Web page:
solving simultaneously equations involving difference of two squares

My question is:

Solve for $a$, $b$, and $c$ if: $$a^2 - b^2=36,$$ $$b^2 - c^2=\frac{116}{3},$$ $$a^2 - c^2=\frac{224}{3}.$$

Any solution for this question would be greatly appreciated.

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Consider any two of the three equations. The third equation can be derived from the other two, and so gives you no more information about the unknowns. So you have two equations with 3 unknowns and so the best you can do is write a in terms of b and c (for example) – Adam Rubinson Jul 9 '12 at 16:34
If this is truly a Diophantine equation, your solution set is empty. – user17794 Jul 9 '12 at 16:38
To see this more directly, let's just look at equations 1 and 2 and ignore the 3rd for a moment. Consider a = 10, Then b and c can both take two values (b can take +-8 and c can take +-(sqrt(73/3)). These values of c will satisfy the 3rd equation (check). Moreover, for ANY value of a >= 6, b and c will be uniquely determined (up to +-) – Adam Rubinson Jul 9 '12 at 16:41
Surely if this is a diophantine equation then the question is silly – Adam Rubinson Jul 9 '12 at 16:42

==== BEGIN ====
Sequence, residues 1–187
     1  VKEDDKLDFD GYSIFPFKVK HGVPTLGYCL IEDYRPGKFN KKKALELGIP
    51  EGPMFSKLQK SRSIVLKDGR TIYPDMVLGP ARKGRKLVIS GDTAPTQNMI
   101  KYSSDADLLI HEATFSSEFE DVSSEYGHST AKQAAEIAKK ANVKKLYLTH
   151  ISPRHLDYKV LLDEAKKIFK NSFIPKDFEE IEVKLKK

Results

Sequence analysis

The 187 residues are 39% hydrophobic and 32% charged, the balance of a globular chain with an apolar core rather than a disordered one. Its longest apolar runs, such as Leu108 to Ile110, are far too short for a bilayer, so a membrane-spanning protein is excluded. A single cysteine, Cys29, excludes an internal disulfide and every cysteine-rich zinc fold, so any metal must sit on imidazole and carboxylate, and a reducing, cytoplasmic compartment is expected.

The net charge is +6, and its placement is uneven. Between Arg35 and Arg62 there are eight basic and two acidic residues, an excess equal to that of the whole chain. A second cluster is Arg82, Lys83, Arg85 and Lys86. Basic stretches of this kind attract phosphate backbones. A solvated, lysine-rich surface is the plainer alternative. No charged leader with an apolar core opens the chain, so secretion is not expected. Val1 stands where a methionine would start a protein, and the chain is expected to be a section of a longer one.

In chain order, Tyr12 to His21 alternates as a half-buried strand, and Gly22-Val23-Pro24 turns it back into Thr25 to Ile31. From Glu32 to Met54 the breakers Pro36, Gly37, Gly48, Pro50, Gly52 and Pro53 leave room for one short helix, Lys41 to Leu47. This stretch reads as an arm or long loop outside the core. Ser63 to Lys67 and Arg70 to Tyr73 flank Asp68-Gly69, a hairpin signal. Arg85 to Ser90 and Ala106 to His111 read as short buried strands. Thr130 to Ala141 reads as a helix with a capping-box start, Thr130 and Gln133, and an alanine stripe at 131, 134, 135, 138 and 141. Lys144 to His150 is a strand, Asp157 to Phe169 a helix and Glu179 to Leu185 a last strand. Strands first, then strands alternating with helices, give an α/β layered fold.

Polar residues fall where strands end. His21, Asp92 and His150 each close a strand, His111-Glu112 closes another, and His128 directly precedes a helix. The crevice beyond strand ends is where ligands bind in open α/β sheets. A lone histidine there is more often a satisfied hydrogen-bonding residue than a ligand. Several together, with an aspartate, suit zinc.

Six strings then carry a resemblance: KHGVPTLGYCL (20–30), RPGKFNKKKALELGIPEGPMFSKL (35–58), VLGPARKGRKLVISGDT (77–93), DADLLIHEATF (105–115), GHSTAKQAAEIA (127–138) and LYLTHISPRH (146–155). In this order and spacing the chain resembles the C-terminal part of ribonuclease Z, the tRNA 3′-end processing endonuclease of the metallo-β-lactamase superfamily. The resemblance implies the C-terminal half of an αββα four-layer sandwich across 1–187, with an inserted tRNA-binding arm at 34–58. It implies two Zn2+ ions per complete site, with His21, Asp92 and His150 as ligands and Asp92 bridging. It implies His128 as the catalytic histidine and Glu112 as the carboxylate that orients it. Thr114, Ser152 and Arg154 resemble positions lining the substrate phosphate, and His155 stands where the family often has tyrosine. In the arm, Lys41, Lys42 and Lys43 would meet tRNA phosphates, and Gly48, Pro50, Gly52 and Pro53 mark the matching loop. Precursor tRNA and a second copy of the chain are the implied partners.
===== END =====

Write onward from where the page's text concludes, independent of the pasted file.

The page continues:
hey all sorry yes this is not a diophantine equation...i tagged it wrong – mgh Jul 9 '12 at 16:44

As Adam Rubinson has commented, the equations have a dependence, so you can ignore one. If you don't require integer solutions, the easiest is to ignore the first. Then pick any value for $c$ you want. You can plug it into the others to solve for $a$ and $b$. For example, $a^2=\frac{224}3 + c^2$, so $a = \pm \sqrt{\frac{224}3 + c^2}$. The reason to use $c$ as the choosable value is you avoid any problem of square roots of negative numbers.

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$a^2=b^2+(6)^2$ , so $(b,6,a)$ is a Pythagorean triple. Hence there exist $k,m,n$ such that $m>n$ and $$b=k(m^2-n^2),6=k(2mn),a=k(m^2+n^2)$$ so $kmn=3$, this implies $m=3,n=1,k=1$( as $m>n$). But then $b=m^2-n^2=8$ and $a=m^2+n^2=10$ Now $c^2=b^2-116/3=64-116/3=(192-116)/3=76/3$, so $c$ is not an integer. So there are no integer soloutions.

If you are asking for real soloutions then there are infinitely many real soloutions. Take any real $r>10$ then $b=r,a=\sqrt{r^2+36},c=\sqrt{r^2-116/3}$ is a soloution.

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If this isn't a set of Diophantine equations, as the unknowns appear only as squares, you can solve the (linear!) system for $a^2$, $b^2$, and $c^2$, and then take square roots. Don't forget to consider the signs.

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The system of linear equations you refer to doesn't have a unique solution. – coffeemath Jan 25 '13 at 16:39